Yes, love to see you all down at the Naval base on the 24th. As Tony mentioned. loads of finishing touches required, but we are getting there. After all she is 75 years old, and 18 months ago, she was classed as a Write off. And she has just compleated a 500NM trip, so not bad for what was once a pile of rot :-)
To boost morale following their defeat at Guadalcanal, Isoroku Yamamoto decided to make an inspection tour throughout the South Pacific. On the morning of April 7, 1943 at Lakunai field, Rabaul, New Britain Yamamoto personally observed the launch of some of the aircraft that were to form a large aerial offensive. At Tulagi in the Solomon Islands, this Japanese attack force sank destroyer USS Aaron Ward (DD-483), New Zealand corvette HMNZS Moa, and tanker USS Kanawha AO-1, also damaged the oiler that was fueling the New Zealand corvette at the time of the attack USS Tappahannock (AO-43). The Japanese aircraft were engaged by US Marine Corps F4F fighters. During the combat, 12 Zero fighters, 9 D3A dive bombers, and 7 F4F fighters were shot down. 3 D3A dive bombers were lost en route back to their bases.
We Plan to be at Bayswater marina next weekend 23 and 24th June for those that want to have a look or help plan a working bee on her. Possible small trip on Sunday arvo too...
I will update later this week with times, weather etc, Oh and if by chance anybody has anything with HDML Kuparu on it or even anything Navy that they would like to see go to a very good home please bring it along.
This is the only original HDML left she is still very much a work in progress and want to restore her back to a high standard as the only floating Museum at this stage in NZ. So any help would be hugely appreciated by Scott and myself.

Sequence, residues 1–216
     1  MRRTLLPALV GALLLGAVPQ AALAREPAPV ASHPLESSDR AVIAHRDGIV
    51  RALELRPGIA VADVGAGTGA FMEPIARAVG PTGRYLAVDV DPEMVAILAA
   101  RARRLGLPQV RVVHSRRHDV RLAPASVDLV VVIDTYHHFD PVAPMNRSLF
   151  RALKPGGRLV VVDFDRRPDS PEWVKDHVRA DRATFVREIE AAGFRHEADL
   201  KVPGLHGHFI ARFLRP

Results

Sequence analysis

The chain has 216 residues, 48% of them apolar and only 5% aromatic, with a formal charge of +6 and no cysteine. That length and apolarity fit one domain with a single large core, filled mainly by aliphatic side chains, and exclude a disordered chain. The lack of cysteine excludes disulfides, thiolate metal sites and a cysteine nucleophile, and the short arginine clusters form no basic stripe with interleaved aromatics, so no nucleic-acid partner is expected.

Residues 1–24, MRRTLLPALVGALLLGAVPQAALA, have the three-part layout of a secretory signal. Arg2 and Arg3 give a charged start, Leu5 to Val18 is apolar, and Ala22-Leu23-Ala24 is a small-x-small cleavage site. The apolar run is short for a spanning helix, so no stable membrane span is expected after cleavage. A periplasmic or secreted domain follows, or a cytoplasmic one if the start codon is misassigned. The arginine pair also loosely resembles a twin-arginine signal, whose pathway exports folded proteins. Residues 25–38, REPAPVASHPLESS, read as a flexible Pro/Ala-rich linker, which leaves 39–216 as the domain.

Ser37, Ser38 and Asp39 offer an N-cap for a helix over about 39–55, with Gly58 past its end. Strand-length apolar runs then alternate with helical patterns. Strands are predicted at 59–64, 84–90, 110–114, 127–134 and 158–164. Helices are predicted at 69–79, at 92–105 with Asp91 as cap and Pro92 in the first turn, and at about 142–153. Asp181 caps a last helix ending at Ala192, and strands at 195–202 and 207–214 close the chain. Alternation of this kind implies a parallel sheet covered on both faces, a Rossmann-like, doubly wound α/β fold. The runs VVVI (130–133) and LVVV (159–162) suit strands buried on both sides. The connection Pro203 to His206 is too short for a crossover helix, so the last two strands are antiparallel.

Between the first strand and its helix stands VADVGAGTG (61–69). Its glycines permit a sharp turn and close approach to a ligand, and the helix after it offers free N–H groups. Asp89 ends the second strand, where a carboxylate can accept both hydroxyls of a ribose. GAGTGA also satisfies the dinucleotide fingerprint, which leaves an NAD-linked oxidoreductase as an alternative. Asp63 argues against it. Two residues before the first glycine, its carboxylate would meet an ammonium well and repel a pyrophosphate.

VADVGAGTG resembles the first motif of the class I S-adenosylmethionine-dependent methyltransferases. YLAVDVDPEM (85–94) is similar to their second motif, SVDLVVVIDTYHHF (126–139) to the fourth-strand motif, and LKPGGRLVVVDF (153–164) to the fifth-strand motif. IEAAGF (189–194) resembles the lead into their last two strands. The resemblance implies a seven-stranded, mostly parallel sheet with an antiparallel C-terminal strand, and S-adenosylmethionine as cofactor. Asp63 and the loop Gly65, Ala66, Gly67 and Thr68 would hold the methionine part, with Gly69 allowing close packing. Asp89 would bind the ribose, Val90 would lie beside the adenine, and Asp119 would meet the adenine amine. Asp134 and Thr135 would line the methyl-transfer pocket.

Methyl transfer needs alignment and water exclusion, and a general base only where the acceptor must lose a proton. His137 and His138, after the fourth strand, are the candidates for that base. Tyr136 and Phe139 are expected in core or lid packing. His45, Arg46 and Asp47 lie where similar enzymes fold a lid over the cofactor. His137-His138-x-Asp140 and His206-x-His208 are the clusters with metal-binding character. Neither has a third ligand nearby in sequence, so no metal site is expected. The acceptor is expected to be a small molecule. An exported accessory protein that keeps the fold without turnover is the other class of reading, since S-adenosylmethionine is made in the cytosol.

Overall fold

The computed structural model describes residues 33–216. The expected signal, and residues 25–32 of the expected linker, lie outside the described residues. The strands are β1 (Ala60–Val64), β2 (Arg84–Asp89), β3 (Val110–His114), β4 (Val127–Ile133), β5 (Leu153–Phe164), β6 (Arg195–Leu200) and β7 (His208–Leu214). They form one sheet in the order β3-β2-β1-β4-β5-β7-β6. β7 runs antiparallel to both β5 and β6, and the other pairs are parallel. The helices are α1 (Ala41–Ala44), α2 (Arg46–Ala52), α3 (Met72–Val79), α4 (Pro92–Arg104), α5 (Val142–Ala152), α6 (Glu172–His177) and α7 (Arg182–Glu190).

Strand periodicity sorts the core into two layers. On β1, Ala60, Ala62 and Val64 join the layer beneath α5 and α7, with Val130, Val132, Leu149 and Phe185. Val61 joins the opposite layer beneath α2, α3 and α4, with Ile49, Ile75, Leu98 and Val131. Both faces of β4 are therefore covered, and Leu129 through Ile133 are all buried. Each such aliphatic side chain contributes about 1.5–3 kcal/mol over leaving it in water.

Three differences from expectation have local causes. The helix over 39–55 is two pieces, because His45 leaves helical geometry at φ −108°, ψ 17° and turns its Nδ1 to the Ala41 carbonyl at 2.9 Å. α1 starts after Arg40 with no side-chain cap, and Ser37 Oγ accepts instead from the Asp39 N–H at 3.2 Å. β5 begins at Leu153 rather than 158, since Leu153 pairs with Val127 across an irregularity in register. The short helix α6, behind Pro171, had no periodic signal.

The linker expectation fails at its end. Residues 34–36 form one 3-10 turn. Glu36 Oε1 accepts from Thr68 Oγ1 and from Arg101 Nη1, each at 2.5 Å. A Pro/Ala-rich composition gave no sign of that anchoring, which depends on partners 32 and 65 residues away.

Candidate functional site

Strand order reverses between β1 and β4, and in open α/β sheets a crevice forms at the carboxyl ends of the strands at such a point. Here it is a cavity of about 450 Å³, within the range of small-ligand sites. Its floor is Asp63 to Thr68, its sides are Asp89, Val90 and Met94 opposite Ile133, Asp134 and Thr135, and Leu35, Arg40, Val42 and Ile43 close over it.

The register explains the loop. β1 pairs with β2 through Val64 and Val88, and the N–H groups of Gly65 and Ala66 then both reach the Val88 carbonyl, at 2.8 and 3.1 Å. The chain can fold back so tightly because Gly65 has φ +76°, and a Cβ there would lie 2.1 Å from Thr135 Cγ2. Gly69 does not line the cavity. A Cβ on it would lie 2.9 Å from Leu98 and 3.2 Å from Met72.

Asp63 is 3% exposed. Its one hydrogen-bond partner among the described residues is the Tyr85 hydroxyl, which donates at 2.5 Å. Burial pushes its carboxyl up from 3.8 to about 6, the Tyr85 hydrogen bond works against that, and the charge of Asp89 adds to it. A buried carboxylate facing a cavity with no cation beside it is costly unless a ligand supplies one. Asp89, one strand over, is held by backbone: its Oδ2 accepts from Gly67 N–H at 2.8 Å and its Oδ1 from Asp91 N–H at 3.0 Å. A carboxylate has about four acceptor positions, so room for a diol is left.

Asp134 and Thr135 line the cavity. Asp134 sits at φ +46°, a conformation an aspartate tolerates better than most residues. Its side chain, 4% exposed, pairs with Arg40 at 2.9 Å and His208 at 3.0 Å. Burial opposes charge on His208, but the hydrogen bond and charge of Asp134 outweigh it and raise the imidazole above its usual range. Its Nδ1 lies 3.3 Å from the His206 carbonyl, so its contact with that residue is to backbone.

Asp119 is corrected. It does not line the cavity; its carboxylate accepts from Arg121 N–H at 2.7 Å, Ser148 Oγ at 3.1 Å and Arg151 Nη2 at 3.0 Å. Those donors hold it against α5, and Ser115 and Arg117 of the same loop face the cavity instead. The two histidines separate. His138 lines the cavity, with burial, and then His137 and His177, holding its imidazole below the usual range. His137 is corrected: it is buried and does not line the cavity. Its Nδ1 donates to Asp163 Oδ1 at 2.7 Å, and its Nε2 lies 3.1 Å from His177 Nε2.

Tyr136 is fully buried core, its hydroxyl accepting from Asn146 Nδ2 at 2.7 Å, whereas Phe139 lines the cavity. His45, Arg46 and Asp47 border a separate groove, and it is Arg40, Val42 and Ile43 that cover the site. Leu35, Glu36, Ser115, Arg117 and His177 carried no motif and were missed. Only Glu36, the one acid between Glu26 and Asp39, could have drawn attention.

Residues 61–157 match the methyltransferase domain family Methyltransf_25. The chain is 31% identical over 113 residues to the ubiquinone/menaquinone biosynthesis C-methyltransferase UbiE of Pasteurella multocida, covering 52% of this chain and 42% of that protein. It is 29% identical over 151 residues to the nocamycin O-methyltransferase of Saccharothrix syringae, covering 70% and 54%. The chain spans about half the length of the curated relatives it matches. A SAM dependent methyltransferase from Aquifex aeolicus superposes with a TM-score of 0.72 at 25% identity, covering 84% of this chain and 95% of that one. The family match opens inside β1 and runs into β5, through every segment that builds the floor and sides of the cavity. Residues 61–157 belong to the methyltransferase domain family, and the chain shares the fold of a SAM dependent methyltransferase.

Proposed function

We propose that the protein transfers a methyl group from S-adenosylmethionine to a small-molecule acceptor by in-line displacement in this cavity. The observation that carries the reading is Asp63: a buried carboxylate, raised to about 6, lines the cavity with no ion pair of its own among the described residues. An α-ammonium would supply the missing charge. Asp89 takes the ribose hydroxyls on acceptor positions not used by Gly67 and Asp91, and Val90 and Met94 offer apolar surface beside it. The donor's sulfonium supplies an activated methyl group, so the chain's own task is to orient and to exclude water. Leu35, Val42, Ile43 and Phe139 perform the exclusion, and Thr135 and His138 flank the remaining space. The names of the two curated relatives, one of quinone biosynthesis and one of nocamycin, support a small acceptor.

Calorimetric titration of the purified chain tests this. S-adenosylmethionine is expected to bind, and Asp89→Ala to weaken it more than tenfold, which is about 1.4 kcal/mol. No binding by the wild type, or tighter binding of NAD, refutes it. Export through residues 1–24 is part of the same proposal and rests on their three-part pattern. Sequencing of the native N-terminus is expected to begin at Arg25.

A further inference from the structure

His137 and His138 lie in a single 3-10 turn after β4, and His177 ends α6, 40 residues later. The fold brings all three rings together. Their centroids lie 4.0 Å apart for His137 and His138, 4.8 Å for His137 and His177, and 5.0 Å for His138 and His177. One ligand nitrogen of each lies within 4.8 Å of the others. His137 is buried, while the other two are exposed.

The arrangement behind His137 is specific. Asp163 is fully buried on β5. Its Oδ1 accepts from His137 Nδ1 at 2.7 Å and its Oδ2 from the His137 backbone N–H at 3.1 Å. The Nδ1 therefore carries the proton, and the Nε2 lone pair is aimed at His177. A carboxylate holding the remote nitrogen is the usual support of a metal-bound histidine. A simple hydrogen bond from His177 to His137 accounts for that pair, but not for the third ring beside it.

Ok for those that might be interested in a bit of Naval History for a change!! HDML KUPARU will be at Bayswater Marina from Friday Night 6.00pm aprox to Sunday Midday on H pier. This is situated in front of the office buildings. You cant miss us we will be the BIG grey thing with P.3563 in black on the bow.
We will also plan a small outing on Sunday Midday, but only if the weather plays ball. So come along and have a nosey if you wish.
I joined the RNZN in 1997, at the time (I assume it was) Kuparu was sitting on Calliope Wharf under tarps and caught my attention. It also moved around behind NSD at some point and then disappeared, (I presume this is her visible here on Google Earth about 2000) so I'm really pleased she is a living breathing entity again. Furthermore, i grew up in Paeroa, and spent much time in the 80's and early 90's at the Maritime Park there, and loved exploring Koura. (And Manawanui) I was onboard Koura once with some friends mucking around, and i flicked some switches and a growling noise emanated from the engine room. We panicked and fled thinking we'd started the engines or something like. Pretty sure there was a telling off from museum staff shortly after. Was really pleased to see her sold off (I presume) and given some TLC and head out not long after, but i understand both vessels are gone now (Does anyone have actual proof that both Koura and Manawanui have been recycled, other than vague internet posts?)
Thank you very much for your kind words here. You have been the only one to at least reply with some extra history. Kuparu was indeed under covers at the Navy base she was earmarked for the museum but the Navy at that time lost interest. Just like the RNZAF did many years earlier(now look). HDML KOURA is still alive BUT only just she is on the hard just to the left of the Kopu bridge. Somebody really needs to save her but time and money will tell hopefully before she turns to dust...